Jack,

You can argue why shouldn't an LSA be configured to fly in IMC/IFR/light IMC . Okay. The thread starter mentioned 'one' Sting LSA that 'might' be so configured. Might.
I have to say the demand, in my experience talking to various LSA owners, at fly-ins, and Expos is slim to none. Maybe because most LSA pilots/owners are like me retired guys who just want the sport privileges, with little fuss and no medical? The sport rules provide the type of flying we said we wanted. If we want more we can exercise our higher sport licenses. The ones who I've talked to who are really interested in IFR, night etc are all waiting to see what PBOR2 offers and would contemplate a medical to that anyway.Their interest in sport flying and LSAs in particular is low.
Andy said earlier in this thread :-
"I don't want a medical, I don't want to fly IMC. I would like to occasionally fly briefly after sunset."
That's been what I've heard from talking with other LSA pilots and owners. Until Andy, I've not encountered anyone who even wanted to fly at night in an LSA or as a sport pilot.

The demand for IFR capable, or even night capable, LSAs/SLSAs is pretty darn small. The demand for LSAs as a whole isn't huge and sales are slow. Tecnam for example has only 8 Astore on the US register including sales demo planes since it was introduced at Sun N Fun 2014, and 22 P2008s including 2 sales planes and several used for sale on the market that aren't moving, and that plane has been around for several years now, well since 2008/9. In an effort to improve sales they don't offer an IFR package for example. Their models are already over $200k and that's without the additional cost that making them IFR capable would likely cost. Most prospective buyers baulk at anything over $100k. Pushing the price up towards a new Tecnam P2010 or Skyhawk doesn't help the LSA market.
I asked Vans recently about IFR and was told, not happening, no demand.

You may need to polish that magic wand. :D
Last edited by Nomore767 on Fri Oct 02, 2015 4:16 pm, edited 3 times in total.

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Re: LSA Sting to be certified for IFR in IMC

Postby 3Dreaming » Fri Oct 02, 2015 12:26 pm

I guess I'm the odd duck. I am a commercial pilot with a instrument rating and a current medical. I have both a Piper Warrior and a Flight Design CTLS. If I have a night flight I want to make, I prefer to take the CTLS over the Warrior if I don't need the extra seats. I am instrument rated, but not current. I would gladly fly the CT over the Warrior in any of the IFR conditions which I was comfortable making the flight. Honestly I would choose to fly the CT over the Warrior on most any flight I take if I don't need the extra seats.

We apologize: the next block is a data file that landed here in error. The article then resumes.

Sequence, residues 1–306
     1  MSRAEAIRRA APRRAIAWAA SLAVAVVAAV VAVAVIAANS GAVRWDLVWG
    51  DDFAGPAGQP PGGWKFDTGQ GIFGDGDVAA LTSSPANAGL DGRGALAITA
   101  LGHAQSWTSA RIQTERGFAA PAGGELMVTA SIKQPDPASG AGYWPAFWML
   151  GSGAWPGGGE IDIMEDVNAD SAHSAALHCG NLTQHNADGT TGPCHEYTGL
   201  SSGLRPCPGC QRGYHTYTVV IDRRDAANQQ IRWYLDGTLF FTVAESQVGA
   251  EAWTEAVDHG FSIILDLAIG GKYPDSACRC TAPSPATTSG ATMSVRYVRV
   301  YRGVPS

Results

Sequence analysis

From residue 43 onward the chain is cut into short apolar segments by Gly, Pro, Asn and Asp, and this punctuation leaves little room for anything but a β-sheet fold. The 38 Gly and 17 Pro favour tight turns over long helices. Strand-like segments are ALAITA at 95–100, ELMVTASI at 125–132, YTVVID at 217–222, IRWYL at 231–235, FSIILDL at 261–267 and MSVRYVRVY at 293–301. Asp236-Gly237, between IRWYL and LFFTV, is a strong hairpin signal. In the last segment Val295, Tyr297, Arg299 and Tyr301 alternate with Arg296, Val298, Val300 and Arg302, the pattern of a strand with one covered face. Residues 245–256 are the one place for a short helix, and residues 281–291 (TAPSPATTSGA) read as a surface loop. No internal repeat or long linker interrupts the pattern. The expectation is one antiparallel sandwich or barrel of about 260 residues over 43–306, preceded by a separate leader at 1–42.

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Re: LSA Sting to be certified for IFR in IMC

Postby designrs » Fri Oct 02, 2015 2:20 pm

Re: Night Lighting: My SportCruiser has a night lighting package. I like it as I frequently fly at sunset, in coastal haze, and in SportPilot legal twilight. It's also good for resale to a private with medical, offers flexibility if the plane ever needed to be ferried, and/or if I ever decide to upgrade to Private Pilot.

... compared to IFR certification, night lighting packages are a cheep option.

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Re: LSA Sting to be certified for IFR in IMC

Postby dstclair » Fri Oct 02, 2015 3:26 pm

Howard -- I don't think you're correct on the RV-12 not being equipped for Night VFR. From the vans website (http://www.vansaircraft.com/cgi-bin/sto ... 12lighting):
The RV-12 has a defined comprehensive lighting system using AeroLEDs, RV-12 LIGHTING KIT, which includes landing, position and strobe lights.

The announcement for the S-LSA also states (https://www.vansaircraft.com/images/ope ... elease.pdf): ".... and LED lighting for night flight".

After all, an aircraft is required to have very little extra to be legal for VFR night (FAR 91.205):

F – fuses (one complete spare set. Most have breakers today so are exempt)
L – landing light (only if you are flying for hire)
A – anti collision lights (required of day VFR as well for planes after 1971)
P – position lights
S – source of electricity (alternator, generator)